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Extraordinary ministers of Communion (letter)
I can identify with the abuses mentioned by the Papal Nuncio, Archbishop Canalini, in his homily at the annual gathering of Australian religious congregations in Brisbane (August AD2000).
I found his homily very mild, indeed charitable, and I cannot understand why several unnamed religious present were angry. The Nuncio did not mention names, parishes or dioceses but only quoted from the recent instruction, Redemptionis Sacramentum.
The instruction lists a number of liturgical abuses, of which the Nuncio mentioned only a few in his homily. One of these is the routine use of "extraordinary ministers" of Holy Communion. The Instruction on Certain Questions regarding the Collaboration of the Non-Ordained Faithful in the Sacred Ministry of Priests states in Article 8, §2:
"Extraordinary ministers may distribute Holy Communion at Eucharistic celebrations only when there are no ordained ministers present or when those ordained ministers present at a liturgical celebration are truly unable to distribute Holy Communion. They may also exercise this function at Eucharistic celebrations where there are particularly large numbers of faithful and which would be excessively prolonged because of an insufficient number of ordained ministers to distribute Holy Communion".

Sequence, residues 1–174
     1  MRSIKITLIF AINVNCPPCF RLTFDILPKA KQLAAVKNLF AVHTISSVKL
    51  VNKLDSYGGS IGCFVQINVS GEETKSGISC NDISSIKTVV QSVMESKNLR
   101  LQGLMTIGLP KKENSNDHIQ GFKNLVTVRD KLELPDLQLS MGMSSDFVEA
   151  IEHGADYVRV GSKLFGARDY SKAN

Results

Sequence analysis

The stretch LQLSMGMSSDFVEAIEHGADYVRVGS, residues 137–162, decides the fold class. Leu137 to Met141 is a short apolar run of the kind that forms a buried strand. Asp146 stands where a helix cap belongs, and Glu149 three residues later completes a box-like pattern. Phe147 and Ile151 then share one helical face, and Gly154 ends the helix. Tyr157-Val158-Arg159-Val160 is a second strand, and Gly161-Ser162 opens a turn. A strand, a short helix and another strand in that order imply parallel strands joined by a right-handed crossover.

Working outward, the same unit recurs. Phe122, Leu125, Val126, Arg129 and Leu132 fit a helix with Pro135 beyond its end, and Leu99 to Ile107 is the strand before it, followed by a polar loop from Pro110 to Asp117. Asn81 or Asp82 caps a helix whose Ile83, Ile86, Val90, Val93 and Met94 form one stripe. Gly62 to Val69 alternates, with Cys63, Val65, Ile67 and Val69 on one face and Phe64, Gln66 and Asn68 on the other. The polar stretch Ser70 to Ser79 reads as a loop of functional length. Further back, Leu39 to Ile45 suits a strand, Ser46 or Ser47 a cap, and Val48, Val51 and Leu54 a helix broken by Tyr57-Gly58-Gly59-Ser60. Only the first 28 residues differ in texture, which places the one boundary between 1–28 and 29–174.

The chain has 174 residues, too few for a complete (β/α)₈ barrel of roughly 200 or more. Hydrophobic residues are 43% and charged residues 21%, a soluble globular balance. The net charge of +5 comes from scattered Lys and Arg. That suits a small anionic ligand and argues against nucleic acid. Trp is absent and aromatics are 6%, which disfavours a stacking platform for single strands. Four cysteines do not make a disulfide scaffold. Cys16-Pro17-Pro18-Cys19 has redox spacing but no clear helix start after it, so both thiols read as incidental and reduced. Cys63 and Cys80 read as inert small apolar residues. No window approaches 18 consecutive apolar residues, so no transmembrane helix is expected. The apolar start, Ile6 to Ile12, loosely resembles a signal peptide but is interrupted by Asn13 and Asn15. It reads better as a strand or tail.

Elizabeth Harrington, education officer with the Brisbane Archdiocesan Liturgical Commission, wrote in her column Liturgy Lines (The Catholic Leader, 22 August 2004):
"I attended Mass where no extraordinary ministers were used ... the communion rite took a disproportionate length of time, much longer than the readings from Scripture."
My own research revealed that while the Mass readings took about nine minutes to complete, the distribution of Communion to 110 people was managed in under seven-and-a-half minutes. A single priest could easily distribute Communion to a much larger number of people without involving a "disproportionate length of time", e.g., twice as long as the readings.
Those of the faithful who are fully aware of the real presence of Jesus Christ need time to reflect on this and enjoy the closeness with Jesus in their hearts. So, why the hurry? Most Catholics attend Mass on Sundays only. Is one hour or even ninety minutes too much? We must never forget that the Lord gave us six days and kept only one day for himself.
Reprinted from AD2000 Vol 17 No 10 (November 2004), p. 16
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